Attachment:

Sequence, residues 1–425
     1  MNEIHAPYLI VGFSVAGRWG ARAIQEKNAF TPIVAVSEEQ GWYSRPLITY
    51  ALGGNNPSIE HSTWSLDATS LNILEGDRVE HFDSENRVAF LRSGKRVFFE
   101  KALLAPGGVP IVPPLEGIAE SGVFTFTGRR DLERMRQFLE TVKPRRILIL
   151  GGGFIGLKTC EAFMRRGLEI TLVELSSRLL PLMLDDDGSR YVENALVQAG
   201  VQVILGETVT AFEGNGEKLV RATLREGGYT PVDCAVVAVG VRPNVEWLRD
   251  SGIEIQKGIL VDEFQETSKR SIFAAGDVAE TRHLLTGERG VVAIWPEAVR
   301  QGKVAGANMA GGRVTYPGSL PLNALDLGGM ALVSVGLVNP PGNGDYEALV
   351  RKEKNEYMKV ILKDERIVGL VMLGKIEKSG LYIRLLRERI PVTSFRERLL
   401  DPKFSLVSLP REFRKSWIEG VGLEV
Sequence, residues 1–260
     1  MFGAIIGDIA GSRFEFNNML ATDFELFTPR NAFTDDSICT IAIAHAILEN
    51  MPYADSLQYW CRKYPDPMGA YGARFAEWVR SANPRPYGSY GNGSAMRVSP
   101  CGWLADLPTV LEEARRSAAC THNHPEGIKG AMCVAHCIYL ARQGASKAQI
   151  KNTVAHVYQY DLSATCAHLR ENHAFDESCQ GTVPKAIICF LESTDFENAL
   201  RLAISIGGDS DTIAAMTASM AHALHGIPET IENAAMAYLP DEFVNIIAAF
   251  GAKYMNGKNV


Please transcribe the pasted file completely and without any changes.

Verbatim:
Sequence, residues 1–425
     1  MNEIHAPYLI VGFSVAGRWG ARAIQEKNAF TPIVAVSEEQ GWYSRPLITY
    51  ALGGNNPSIE HSTWSLDATS LNILEGDRVE HFDSENRVAF LRSGKRVFFE
   101  KALLAPGGVP IVPPLEGIAE SGVFTFTGRR DLERMRQFLE TVKPRRILIL
   151  GGGFIGLKTC EAFMRRGLEI TLVELSSRLL PLMLDDDGSR YVENALVQAG
   201  VQVILGETVT AFEGNGEKLV RATLREGGYT PVDCAVVAVG VRPNVEWLRD
   251  SGIEIQKGIL VDEFQETSKR SIFAAGDVAE TRHLLTGERG VVAIWPEAVR
   301  QGKVAGANMA GGRVTYPGSL PLNALDLGGM ALVSVGLVNP PGNGDYEALV
   351  RKEKNEYMKV ILKDERIVGL VMLGKIEKSG LYIRLLRERI PVTSFRERLL
   401  DPKFSLVSLP REFRKSWIEG VGLEV
Sequence, residues 1–260
     1  MFGAIIGDIA GSRFEFNNML ATDFELFTPR NAFTDDSICT IAIAHAILEN
    51  MPYADSLQYW CRKYPDPMGA YGARFAEWVR SANPRPYGSY GNGSAMRVSP
   101  CGWLADLPTV LEEARRSAAC THNHPEGIKG AMCVAHCIYL ARQGASKAQI
   151  KNTVAHVYQY DLSATCAHLR ENHAFDESCQ GTVPKAIICF LESTDFENAL
   201  RLAISIGGDS DTIAAMTASM AHALHGIPET IENAAMAYLP DEFVNIIAAF
   251  GAKYMNGKNV